Scouting the Long Knives
In artist Frank McCarthy’s Wild West his subjects often appear as heroes in action – riding hard, looking good and, inevitably, living to fight another day. Whatever the subject – Indians, cowboys or cavalry – there is often a commotion or disturbance going on. Leather flying, guns firing, sabers slashing through the air, wind tossing horses’ manes – this is the action packed West of Frank McCarthy.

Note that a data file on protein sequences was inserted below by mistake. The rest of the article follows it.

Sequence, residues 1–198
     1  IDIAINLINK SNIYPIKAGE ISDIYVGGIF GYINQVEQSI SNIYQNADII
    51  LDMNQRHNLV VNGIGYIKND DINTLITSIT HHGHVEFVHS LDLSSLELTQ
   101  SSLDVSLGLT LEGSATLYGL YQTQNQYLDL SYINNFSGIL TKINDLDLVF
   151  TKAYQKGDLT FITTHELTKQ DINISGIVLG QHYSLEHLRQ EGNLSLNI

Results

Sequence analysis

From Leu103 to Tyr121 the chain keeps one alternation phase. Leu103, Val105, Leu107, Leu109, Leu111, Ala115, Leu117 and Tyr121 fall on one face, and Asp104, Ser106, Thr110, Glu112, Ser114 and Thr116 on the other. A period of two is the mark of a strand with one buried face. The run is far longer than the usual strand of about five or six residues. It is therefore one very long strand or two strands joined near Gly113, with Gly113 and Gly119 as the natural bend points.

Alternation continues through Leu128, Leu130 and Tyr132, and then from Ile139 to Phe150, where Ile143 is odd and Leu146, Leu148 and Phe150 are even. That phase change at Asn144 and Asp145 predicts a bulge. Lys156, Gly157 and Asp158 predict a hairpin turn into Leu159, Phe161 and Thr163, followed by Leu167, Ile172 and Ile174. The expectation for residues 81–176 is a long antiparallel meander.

In “Scouting the Long Knives,” an Apache is concealed behind an anvil-shaped remnant of an ancient red sandstone formation, spying on a column of cavalry and supply wagons. Known to the Indians as “long knives” because of the long sabers they carried, the U.S. Cavalry patrolled immense areas of the South-west. Sometimes the patrols were out for weeks at a time, with little or no sight of hostile Indians. But the Indians were always there, scouting the scouters. In a land that seemed so empty, there were always eyes that watched and waited.